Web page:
By Jim Langley
Jim’s Tech Talk
By the time you read this I’ll be on vacation and enjoying some beautiful riding along the seacoast of New Hampshire and Maine. If you spot me on my blue Bike Friday Pocket Rocket Pro give me a wave!
I was in a rush to pack my gear and skedaddle, so this Tech Talk is a quickie, but hopefully interesting nonetheless. I want to show and get your comments on the fascinating new drivetrain from CeramicSpeed that debuted at Eurobike, which just took place in Germany. I couldn’t attend but caught the highlights on the GCN channel here:
CeramicSpeed is calling their amazing new drivetrain Driven and claiming that it’s the world’s most efficient drivetrain (at 99%), topping chain and derailleur drivetrains which have been the most efficient seemingly forever.
Here’s a nice video discussing the Driven’s innovations courtesy of bike guru Shane Miller (aka GPLama).
As you would expect, Driven caught everyone’s attention. Yet lost in the fanfare is that something like this happened over 100 years ago in the late 1890s. Back then, though, chains and sprockets were nowhere near as refined and efficient as today’s. Some were hardly smooth at all.
So there was way more incentive to improve things and inventors came up with what became known as the “chainless” bike. Like CeramicSpeed’s Driven, these antique drivetrains utilized a shaft to transfer the power from the crank to the rear wheel. But instead of bearings, they used different types of meshing gears.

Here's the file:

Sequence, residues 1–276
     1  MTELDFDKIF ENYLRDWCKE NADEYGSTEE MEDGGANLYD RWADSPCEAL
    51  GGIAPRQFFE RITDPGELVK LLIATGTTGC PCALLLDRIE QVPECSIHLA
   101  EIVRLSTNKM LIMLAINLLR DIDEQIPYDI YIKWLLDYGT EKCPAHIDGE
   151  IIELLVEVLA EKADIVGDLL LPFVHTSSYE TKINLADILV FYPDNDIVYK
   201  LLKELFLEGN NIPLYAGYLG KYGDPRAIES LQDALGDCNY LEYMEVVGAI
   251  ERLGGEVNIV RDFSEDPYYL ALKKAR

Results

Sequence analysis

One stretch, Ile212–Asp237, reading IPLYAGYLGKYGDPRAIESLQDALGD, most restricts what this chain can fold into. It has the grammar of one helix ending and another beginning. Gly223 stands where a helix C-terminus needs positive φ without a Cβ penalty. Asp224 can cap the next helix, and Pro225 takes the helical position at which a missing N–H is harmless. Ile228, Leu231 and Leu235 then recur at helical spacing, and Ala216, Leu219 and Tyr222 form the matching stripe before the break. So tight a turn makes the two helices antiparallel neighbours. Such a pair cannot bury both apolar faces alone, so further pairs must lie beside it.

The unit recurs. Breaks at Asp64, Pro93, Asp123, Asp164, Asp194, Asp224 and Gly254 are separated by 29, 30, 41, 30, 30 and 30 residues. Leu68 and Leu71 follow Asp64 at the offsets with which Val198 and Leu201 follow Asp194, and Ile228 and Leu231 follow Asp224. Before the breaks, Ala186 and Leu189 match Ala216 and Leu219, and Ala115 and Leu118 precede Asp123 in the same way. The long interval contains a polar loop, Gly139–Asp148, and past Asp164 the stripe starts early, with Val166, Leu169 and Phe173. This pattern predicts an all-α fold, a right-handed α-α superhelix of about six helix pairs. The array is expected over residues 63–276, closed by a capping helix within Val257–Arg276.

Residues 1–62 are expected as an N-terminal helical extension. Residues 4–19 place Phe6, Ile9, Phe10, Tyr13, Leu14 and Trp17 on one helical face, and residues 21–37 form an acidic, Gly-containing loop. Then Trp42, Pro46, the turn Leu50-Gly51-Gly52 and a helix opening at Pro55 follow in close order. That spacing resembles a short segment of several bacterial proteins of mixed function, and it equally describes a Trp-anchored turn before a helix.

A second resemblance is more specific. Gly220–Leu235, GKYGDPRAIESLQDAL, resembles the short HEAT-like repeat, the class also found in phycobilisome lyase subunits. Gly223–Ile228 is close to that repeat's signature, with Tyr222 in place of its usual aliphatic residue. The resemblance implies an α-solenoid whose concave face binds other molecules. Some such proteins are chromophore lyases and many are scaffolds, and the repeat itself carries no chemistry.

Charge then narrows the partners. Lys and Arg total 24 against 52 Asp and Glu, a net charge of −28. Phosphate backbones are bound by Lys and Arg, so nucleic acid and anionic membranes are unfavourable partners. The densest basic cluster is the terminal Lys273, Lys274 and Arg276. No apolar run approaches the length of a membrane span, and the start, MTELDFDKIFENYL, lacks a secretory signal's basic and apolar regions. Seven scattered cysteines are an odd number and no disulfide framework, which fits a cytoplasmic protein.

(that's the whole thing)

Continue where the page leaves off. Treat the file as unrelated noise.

Several world records were set on chainless bicycles, some by arguably America’s greatest-ever, Major Taylor, who rode an Orient Chainless made in Waltham, Massachusetts to many victories the world over.
Yet, as successful as they were at the races, the meshing gears on the shaft, chainring and rear hub were heavy, wore quickly and made it difficult to remove the rear wheel. Then, chains and sprockets improved significantly and – while chainless bikes like those old ones still exist, they are not at all mainstream.
It’ll be interesting to see if the Driven drivetrain can make the grade and revolutionize our future bicycles. But, even with its modern bearings and materials plus infinite gearing options it’s only a tiny bit more efficient than chains. And it seems like adding shaft-drive mechanisms to frames in production could be a challenging hurdle. I wish them luck.
Please see CeramicSpeed’s Driven webpage to learn more.
Ride total: 8,968